As we have seen in the previous section, we use the Business Intelligence Development Studio to develop OLAP structures. We use another tool to manage our relational and OLAP databases during day-to-day operations. This is the SQL Server Management Studio.
The SQL Server Management Studio (formerly known as the Enterprise Manager in SQL Server 2000) has a user interface similar to the Business Intelligence Development Studio. It has the same type of window states (floating, dockable, and so forth) and it features a tabbed work area. Let's take a quick look at the SQL Server Management Studio, so we have some familiarity with it when it is time to use this tool for managing databases.
The SQL Server Management Studio is found on the Start menu under Microsoft SQL Server 2005 as shown in Figure 5-23. When the SQL Server Management Studio starts up, it attempts to connect to the last server we were working with. The Connect to Server dialog box is displayed as shown in Figure 5-24. To connect to the server, we need to provide logon credentials, if necessary, and then click. Connect. We can also enter the SQL Server Management Studio without connecting to a server by clicking Cancel.
Figure 5-23: SQL Server Management Studio on the Start menu
Figure 5-24: Connecting to a server on startup
By default, the SQL Server Management Studio has three windows open as shown in Figure 5-25. The Registered Servers and Object Explorer windows are on the left side and the Summary window is a tabbed document inside the Designer window. As with the Business Intelligence Development Studio, additional windows can be displayed when needed using the View menu or the toolbar.
Figure 5-25: The SQL Server Management Studio Default window layout
The Registered Servers, Object Explorer, and Summary windows function similarly to the dockable windows in Business Intelligence Development Studio. We can make them float over other windows or set them to auto hide. We can have them form tabbed groupings with other dockable windows or set them to be tabbed documents in the Designer window. The SQL Server Management Studio windows use the same menus, the same docking guides, and the same drag-and-drop functionality.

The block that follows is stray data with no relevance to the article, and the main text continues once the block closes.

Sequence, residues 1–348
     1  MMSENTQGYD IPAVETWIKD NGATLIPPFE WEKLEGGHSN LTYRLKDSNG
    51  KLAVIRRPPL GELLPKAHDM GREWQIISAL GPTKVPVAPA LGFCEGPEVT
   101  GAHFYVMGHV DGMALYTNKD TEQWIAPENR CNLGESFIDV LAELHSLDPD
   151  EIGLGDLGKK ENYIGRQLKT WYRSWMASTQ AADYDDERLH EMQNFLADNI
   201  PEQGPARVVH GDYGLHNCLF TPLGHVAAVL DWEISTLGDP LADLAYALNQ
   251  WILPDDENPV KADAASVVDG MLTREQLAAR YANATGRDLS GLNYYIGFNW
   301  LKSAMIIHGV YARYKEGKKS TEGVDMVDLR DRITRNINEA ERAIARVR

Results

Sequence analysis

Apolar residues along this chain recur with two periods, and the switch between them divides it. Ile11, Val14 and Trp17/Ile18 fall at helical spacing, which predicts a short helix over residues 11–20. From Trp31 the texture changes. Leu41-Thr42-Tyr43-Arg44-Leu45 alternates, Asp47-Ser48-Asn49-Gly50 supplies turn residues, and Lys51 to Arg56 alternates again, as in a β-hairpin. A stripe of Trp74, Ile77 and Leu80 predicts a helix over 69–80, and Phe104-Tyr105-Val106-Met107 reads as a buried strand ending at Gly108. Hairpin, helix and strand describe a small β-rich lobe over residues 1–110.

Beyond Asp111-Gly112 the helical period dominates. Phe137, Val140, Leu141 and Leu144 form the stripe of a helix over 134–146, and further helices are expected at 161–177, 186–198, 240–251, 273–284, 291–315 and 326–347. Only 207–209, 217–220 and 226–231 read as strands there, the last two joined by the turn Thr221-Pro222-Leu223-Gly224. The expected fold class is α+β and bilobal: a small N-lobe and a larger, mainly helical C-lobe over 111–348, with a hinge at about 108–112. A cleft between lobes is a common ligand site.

Registered Servers Window The Registered Servers window provides an area for us to create a list of the servers we access frequently. Servers are added to the window by right-clicking anywhere in the window and selecting New | Server Registration… from the Context menu as shown in Figure 5-26. This displays the New Server Registration dialog box shown in Figure 5-27.
Figure 5-26: Registering a new server
Figure 5-27: The New Server Registration dialog box
To register a server, enter the server name and supply the connection information. We can connect with either Windows authentication using the currently logged-in user or SQL Server Authentication and credentials we provide. You can also give this server a user-friendly name and description using Registered Server Name and Registered Server Description.
We can use the Test button to make sure we can connect to the new server using the specified authentication method and credentials. Finally, we can use the Connection Properties tab to modify the connection properties for the new server. This includes the capability to create an encrypted connection with the server. Clicking Save adds the new server to the Registered Servers window. When a server entry is highlighted in the Registered Servers window, the Context menu provides an option for editing the properties for the selected server.
If we have a number of servers to register and manage, we can organize those servers in server groups. These server groups appear as folders in the Registered Servers window as shown in Figure 5-28. We can add a server to a server group by right-clicking on that group folder and selecting New | Server Registration… from the Context menu. (As you can see in Figure 5-28, the SQL Server Management Studio can be used to manage SQL Server 2000 servers, as well as SQL Server 2005 servers.)